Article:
I'd love to see this plan, which I could not find online, because I'm quite curious about how this would work in practice. Moreover, I'm also quite curious about how the hell VTA would continue light rail service on the Santa Teresa and Almaden lines if their median tracks in Highway 87 are taken, even if just for the few miles between Curtner Ave and the 280 interchange. VTA light rail is a "struggling" system, but as Yonah Freemark at The Transport Politic noted, better land use policy in the Silicon Valley would help make the system much more effective. The "Thread the Needle" plan seems to suggest abandoning light rail along the Highway 87 corridor almost entirely (which is one reason I want to see the actual plan). You can't actually widen the Highway 87 to accommodate both HSR and light rail tracks, since to do so you'd have to encroach on the same
Neighborhood residents say they support the HSR project, even though they exhibit the same errant thinking about the place of rails in communities as some folks on the Peninsula:
Michelle Harris, a 48-year-old Cisco engineer who lives on Fuller Avenue, said many people in the Gardner area want the route moved to Highway 87.
"In older neighborhoods, the Caltrain tracks go through quaint parts of town. Putting a 200 mph train through it is kind of like putting a freeway through it," Harris said.
Harris, the secretary of the North Willow Glen Neighborhood Association, also said that many neighbors support the rail project and voted for Proposition 1A in 2008. They want to be close to a train station that would take them to other cities, she said.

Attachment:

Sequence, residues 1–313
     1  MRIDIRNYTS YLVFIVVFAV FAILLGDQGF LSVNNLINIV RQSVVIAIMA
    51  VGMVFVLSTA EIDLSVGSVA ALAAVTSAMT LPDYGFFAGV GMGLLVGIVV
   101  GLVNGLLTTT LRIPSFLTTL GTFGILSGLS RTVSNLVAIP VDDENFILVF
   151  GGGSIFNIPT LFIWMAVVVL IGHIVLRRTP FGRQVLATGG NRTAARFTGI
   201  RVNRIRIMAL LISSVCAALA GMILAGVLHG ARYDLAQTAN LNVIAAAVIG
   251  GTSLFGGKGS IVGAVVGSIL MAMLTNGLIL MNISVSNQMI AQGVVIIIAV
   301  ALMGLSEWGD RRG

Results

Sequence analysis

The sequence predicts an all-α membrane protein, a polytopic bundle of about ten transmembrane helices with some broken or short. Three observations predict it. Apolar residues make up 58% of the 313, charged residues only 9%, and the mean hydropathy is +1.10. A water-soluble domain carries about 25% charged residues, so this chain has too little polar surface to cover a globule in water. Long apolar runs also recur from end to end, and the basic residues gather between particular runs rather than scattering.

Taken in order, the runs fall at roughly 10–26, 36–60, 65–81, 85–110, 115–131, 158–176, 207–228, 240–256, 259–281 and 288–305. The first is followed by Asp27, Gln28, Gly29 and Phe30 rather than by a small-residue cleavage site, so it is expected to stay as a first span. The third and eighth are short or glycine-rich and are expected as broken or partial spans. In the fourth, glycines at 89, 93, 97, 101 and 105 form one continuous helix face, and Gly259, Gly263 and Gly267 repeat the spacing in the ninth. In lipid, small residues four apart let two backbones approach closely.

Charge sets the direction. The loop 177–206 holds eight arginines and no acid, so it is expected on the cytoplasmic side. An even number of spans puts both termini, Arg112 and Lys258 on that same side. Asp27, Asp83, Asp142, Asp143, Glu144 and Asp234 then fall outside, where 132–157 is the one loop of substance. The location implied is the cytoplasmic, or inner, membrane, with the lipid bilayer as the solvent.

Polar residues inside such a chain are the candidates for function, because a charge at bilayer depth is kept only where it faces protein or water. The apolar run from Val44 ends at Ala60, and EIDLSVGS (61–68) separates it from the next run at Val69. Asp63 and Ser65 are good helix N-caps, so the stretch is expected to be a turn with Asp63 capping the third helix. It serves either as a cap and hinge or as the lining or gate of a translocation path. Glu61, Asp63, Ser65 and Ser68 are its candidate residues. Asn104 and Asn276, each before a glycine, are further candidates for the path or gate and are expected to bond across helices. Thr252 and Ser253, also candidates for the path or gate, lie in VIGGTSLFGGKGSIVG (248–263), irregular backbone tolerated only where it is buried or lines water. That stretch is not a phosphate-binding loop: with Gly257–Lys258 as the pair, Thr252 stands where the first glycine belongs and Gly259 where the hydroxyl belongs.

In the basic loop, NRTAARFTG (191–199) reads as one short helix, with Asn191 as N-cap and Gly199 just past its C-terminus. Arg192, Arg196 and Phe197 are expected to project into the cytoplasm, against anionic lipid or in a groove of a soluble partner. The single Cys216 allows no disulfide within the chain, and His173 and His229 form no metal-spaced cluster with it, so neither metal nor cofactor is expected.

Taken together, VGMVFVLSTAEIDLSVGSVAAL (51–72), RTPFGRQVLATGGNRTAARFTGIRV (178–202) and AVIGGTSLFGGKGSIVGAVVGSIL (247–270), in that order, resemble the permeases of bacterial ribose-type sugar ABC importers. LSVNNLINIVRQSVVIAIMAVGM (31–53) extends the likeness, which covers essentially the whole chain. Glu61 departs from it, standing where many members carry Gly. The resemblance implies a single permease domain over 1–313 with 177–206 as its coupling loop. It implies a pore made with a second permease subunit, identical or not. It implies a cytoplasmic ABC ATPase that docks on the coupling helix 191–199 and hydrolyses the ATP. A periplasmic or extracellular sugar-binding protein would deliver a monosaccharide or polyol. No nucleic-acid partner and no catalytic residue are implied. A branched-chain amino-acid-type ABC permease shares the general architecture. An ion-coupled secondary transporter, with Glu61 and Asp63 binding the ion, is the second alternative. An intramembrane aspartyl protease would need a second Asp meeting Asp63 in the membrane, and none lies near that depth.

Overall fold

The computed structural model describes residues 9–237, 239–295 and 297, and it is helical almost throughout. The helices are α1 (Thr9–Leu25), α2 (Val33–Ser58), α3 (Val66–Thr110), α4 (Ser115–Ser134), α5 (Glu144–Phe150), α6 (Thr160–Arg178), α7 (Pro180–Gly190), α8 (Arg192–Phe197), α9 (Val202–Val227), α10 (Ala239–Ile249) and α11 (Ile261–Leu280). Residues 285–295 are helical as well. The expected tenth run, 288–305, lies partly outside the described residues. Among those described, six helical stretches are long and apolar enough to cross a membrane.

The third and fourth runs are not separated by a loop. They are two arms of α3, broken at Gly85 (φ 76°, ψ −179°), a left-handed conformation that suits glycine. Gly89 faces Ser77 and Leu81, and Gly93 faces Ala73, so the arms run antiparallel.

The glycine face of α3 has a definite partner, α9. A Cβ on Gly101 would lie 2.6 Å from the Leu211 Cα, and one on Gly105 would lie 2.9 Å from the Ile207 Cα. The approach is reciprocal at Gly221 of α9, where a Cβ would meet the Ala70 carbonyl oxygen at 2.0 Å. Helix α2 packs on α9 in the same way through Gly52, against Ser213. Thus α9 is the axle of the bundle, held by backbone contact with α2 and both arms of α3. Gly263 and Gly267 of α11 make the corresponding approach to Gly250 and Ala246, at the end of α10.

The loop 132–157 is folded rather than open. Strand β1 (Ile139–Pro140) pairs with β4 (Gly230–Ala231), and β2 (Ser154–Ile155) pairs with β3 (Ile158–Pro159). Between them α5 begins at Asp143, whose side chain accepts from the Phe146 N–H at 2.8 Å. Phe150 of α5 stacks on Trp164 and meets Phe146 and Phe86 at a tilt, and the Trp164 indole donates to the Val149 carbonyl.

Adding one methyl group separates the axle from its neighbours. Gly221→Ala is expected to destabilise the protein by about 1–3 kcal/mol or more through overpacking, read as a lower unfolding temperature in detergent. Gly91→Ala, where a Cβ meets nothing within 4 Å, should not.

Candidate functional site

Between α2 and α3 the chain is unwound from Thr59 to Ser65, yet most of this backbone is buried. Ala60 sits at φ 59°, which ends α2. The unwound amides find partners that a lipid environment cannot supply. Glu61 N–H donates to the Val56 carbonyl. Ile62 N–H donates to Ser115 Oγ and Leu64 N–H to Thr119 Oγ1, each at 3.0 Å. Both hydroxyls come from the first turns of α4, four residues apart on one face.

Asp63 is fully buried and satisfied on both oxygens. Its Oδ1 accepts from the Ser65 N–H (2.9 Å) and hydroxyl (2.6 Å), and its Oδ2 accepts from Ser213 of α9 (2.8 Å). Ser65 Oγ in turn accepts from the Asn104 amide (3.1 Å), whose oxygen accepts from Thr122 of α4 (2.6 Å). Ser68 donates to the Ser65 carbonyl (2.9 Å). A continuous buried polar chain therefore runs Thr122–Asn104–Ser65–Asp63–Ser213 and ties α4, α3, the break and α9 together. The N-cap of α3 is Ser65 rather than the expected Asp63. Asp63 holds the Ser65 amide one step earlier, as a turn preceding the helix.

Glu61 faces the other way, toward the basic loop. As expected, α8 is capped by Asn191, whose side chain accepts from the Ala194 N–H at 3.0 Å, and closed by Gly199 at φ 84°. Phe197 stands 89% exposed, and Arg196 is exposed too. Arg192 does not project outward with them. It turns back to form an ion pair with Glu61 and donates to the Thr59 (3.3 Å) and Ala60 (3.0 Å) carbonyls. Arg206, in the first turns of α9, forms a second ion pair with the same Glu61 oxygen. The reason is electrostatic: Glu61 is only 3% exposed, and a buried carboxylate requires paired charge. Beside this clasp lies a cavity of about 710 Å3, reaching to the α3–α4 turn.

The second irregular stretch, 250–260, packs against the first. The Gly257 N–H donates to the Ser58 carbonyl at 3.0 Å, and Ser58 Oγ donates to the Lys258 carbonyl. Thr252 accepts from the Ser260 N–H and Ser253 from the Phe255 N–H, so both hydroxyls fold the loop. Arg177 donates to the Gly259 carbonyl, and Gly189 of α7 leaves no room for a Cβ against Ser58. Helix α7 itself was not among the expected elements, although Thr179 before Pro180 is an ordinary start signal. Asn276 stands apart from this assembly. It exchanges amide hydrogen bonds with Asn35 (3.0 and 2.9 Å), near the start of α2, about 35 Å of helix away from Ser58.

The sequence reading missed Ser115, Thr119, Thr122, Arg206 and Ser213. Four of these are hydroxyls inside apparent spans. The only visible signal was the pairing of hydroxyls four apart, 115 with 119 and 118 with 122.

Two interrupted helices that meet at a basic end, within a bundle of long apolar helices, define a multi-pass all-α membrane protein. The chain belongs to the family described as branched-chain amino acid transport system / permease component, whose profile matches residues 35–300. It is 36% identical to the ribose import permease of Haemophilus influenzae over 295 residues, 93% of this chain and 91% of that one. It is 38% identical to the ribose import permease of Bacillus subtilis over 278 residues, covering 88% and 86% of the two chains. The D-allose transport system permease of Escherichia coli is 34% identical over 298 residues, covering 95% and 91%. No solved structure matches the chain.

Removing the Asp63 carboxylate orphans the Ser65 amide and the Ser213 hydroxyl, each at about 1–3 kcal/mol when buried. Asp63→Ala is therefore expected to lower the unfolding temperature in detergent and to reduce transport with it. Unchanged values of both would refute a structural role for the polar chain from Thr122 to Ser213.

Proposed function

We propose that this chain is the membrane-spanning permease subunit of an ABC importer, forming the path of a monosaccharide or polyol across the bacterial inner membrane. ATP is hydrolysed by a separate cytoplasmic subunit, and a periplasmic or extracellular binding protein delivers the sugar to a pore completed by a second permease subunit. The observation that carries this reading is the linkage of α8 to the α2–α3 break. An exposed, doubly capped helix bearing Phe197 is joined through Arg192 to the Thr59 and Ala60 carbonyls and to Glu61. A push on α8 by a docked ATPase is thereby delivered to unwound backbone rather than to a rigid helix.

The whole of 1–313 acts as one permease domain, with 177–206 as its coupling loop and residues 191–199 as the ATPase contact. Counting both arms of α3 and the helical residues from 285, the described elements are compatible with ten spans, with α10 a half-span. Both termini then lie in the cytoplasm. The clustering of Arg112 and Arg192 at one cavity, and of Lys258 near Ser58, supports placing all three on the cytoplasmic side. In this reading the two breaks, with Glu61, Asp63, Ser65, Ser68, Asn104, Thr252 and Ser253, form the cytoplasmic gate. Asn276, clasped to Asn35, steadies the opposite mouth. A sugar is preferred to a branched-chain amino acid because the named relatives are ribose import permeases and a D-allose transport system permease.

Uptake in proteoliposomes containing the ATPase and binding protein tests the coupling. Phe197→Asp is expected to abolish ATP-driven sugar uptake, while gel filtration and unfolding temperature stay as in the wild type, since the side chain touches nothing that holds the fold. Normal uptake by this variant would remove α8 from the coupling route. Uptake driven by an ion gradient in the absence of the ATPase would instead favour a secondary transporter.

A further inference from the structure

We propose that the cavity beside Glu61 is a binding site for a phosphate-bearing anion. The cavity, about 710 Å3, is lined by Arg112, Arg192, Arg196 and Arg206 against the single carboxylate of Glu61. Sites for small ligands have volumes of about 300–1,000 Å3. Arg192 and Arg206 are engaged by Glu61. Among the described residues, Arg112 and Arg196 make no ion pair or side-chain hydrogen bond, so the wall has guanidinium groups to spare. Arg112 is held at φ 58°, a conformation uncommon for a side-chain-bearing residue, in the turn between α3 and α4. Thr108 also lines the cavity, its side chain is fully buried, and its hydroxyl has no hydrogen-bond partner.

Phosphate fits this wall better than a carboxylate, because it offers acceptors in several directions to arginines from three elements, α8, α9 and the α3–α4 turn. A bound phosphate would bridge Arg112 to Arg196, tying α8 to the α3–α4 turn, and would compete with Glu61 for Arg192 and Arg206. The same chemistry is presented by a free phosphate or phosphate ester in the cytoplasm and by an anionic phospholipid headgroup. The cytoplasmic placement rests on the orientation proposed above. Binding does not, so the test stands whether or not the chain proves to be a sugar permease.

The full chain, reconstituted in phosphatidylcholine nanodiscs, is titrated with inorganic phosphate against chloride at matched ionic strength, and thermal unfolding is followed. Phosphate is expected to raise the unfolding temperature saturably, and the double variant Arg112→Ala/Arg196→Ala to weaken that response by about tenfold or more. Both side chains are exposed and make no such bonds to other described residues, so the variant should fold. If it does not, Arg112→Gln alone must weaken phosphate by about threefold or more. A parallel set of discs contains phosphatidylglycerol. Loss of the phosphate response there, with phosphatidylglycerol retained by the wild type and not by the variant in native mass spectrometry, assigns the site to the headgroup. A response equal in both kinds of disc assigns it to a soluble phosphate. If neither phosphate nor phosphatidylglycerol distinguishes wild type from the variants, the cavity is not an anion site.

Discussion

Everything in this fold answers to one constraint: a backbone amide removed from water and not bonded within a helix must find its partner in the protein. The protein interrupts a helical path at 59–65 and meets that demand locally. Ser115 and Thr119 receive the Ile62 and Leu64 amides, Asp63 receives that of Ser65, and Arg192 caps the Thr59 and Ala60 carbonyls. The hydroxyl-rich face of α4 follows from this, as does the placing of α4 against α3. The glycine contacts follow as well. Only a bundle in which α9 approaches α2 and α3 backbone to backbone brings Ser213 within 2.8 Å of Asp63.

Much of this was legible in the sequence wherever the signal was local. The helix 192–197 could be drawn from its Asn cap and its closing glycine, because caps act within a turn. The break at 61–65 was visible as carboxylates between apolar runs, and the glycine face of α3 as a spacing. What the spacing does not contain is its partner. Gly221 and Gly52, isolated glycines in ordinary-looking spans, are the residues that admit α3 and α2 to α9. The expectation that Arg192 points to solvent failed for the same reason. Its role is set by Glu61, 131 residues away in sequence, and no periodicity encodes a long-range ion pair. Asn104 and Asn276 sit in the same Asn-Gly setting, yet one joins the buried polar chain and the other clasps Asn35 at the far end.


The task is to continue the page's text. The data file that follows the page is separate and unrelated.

As you can tell, the problem here is that Harris has it backwards - the neighborhood "goes through" the rail corridor, which was there before the houses. But what about the "200 mph train" - is that actually what would be implemented in the neighborhood (and even if it were, wouldn't the noise be FAR less than that of the two existing freeways and certainly less than the existing Caltrains)?
Rail leaders have said in public meetings that trains would travel about 60 mph if they negotiated the curves of the Caltrain line through the Gardner area, but they did not deny that noise and vibration would be issues unless soundwalls or tunnels were built.
Notice, of course, that saying noise and vibration would be "issues" isn't the same as saying they'd impact the neighborhood the same way as a freeway would.
In the end, the real issue here is UPRR. Running HSR trains through Gardner at 60 mph on the existing tracks (it's just beyond Diridon Station, so you have to assume trains were never going to be running a whole lot faster than that) would be a perfectly sensible solution that would cause the minimum impact on the community. But since UPRR refuses to allow
Here again I renew my call for California's federal representatives to get involved. As the only body with the ability to actually push UPRR to be more willing to share its ROW. As a creation of the US government, with much of its land and ROW given to it freely by the government, UPRR should be more willing to find a reasonable accommodation with the HSR project.